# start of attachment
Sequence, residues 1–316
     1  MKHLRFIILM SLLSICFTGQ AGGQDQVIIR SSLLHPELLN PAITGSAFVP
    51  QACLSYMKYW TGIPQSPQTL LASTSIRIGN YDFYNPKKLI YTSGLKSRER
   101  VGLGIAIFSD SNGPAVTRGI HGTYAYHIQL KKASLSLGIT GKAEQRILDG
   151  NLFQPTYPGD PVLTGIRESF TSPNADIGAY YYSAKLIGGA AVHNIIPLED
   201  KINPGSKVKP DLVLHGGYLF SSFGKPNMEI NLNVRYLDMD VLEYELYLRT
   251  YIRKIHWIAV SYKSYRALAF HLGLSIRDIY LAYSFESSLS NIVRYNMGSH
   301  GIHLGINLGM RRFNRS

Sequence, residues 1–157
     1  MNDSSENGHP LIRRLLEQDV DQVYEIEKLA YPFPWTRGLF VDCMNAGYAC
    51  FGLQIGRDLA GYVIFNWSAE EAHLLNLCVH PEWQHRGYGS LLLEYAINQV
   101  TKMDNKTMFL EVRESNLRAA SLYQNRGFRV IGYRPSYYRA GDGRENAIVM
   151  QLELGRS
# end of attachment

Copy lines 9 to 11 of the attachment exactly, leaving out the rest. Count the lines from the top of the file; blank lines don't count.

Sequence, residues 1–157
     1  MNDSSENGHP LIRRLLEQDV DQVYEIEKLA YPFPWTRGLF VDCMNAGYAC
    51  FGLQIGRDLA GYVIFNWSAE EAHLLNLCVH PEWQHRGYGS LLLEYAINQV